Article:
Black and White

In weeds behind Grandma’s roses

I discover a scrambled drawing,

a tangle of lines too distraught

to have been scribbled by a child.

The paper’s crisp as a dollar.

The scumble of fine black lines

drawn in the densest India ink


suggests the windswept hairdo

of a favorite movie star.

As I formulate that metaphor

the paper rustles in my grip

and the lines rearrange themselves

slightly, almost making a shape.

I try to discipline the mind


with tenets of freemasonry,

the Cartesian paradox,

the Aquinas proof that God

remembers all our birthdays.

Laid flat and smooth on my desk

the drawing heaves like a fever.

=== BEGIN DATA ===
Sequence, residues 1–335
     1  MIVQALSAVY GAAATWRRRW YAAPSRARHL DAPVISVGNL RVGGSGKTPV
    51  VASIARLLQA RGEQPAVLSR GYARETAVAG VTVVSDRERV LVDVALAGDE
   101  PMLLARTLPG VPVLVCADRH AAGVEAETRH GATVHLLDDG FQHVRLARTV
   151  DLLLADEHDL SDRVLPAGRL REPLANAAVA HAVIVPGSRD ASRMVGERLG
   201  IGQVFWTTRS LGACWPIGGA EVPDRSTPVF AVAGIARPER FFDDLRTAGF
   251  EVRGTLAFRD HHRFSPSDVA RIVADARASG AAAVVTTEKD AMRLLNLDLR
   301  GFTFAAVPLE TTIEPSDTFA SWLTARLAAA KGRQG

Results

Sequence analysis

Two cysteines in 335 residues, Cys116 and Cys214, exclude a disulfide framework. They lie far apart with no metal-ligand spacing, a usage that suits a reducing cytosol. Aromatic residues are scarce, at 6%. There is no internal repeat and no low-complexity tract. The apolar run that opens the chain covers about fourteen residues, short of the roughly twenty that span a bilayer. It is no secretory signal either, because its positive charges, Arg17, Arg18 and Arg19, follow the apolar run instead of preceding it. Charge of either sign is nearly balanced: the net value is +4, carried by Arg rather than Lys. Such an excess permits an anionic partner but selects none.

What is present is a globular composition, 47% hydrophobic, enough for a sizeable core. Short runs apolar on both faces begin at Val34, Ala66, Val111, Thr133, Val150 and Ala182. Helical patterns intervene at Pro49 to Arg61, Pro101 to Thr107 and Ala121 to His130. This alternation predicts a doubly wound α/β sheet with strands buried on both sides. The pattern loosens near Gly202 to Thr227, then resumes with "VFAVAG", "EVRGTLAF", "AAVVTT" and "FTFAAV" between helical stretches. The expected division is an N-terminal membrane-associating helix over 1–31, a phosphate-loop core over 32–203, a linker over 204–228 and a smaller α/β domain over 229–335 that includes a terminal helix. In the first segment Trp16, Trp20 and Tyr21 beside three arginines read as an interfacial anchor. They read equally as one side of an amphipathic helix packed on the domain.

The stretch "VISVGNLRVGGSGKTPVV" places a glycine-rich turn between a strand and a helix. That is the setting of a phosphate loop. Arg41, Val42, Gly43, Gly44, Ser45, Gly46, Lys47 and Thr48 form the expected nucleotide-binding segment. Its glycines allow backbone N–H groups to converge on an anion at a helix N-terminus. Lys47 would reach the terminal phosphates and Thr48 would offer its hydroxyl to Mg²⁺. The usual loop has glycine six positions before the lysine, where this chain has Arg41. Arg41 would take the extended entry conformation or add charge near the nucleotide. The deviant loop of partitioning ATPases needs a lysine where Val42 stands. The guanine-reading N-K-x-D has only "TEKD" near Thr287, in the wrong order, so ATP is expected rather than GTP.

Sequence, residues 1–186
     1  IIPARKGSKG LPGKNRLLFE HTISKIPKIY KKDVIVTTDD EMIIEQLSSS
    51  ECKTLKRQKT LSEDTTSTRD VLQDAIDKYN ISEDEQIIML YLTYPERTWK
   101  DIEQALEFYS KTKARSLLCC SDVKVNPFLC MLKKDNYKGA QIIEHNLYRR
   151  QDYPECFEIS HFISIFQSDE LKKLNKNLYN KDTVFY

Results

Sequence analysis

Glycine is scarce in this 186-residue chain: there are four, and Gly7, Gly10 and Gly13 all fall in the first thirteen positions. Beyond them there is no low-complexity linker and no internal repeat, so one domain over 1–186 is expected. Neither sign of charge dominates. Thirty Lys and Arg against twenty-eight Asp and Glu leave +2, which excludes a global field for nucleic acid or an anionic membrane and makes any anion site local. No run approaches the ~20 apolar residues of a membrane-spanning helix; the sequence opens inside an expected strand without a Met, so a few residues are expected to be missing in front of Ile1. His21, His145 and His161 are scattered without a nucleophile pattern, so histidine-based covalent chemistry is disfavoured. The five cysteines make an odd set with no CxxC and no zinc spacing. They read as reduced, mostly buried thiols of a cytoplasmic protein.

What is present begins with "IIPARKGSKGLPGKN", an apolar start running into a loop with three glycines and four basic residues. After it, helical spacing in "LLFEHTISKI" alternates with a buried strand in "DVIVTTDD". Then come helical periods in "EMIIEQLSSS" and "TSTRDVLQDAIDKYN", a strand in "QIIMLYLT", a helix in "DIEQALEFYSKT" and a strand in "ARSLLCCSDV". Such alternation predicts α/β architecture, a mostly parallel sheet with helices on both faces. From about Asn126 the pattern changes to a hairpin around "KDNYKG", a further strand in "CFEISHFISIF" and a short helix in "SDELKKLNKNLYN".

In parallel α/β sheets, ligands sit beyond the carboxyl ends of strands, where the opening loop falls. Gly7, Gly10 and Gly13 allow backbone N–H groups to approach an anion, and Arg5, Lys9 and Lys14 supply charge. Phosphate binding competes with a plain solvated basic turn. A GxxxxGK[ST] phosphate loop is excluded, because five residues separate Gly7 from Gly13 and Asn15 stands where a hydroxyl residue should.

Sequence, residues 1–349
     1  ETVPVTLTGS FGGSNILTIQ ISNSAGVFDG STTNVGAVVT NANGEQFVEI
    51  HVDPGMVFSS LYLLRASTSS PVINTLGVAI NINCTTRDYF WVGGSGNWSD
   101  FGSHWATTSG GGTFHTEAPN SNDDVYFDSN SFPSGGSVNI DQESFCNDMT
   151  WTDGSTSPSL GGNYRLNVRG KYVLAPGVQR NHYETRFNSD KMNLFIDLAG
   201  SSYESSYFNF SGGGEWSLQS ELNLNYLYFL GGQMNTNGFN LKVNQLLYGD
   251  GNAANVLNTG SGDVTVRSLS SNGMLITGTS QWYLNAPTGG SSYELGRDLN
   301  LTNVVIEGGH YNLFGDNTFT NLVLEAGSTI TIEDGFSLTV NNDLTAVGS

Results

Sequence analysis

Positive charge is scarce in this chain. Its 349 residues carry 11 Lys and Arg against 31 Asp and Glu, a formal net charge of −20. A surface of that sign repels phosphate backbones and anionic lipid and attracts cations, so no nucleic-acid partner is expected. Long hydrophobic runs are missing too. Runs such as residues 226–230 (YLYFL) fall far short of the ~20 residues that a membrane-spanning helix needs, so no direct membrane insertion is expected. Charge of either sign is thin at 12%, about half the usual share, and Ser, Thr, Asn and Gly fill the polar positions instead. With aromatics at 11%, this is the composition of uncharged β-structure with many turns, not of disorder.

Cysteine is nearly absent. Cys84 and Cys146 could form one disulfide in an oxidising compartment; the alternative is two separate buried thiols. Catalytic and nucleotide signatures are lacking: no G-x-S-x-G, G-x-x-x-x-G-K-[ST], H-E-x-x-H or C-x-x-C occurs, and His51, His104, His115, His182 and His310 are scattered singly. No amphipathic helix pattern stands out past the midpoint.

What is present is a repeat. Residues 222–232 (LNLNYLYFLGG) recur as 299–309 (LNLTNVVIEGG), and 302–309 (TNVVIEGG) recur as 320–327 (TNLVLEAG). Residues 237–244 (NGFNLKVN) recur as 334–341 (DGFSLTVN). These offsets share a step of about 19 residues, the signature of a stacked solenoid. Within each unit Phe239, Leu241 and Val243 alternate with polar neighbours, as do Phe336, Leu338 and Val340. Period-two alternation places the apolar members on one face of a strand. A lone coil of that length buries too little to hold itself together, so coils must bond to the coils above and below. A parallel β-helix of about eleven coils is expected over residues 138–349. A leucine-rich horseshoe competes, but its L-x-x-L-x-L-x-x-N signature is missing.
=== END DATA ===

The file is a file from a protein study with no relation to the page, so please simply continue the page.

Tiny feet, a child’s patent shoes,


and slowly the hourglass

of a flimsy cotton dress dyed

cornflower blue. No color,

of course, only the outline

of a definite cornflower blue.

The child lacks arms and a head

so I leave, closing the blinds,


and let the geometry ripen

in the dim afternoon. At dusk

a storm crawls across the hills,

groaning and weeping, an effort

I respect. The drawing, I find,

has almost completed itself.

It smiles. I touch it. Lightning


sneers at the window. A hiss

of electrons passes from me

to the child and she rises

full-sized from the tiny page

and embraces me so thoroughly

the simple black-and-white of me

explodes the illusion of flesh.


words: William Doreski, New Hampshire (blog)
image: Molly Sutton Kiefer, Minnesota (blog & photos)


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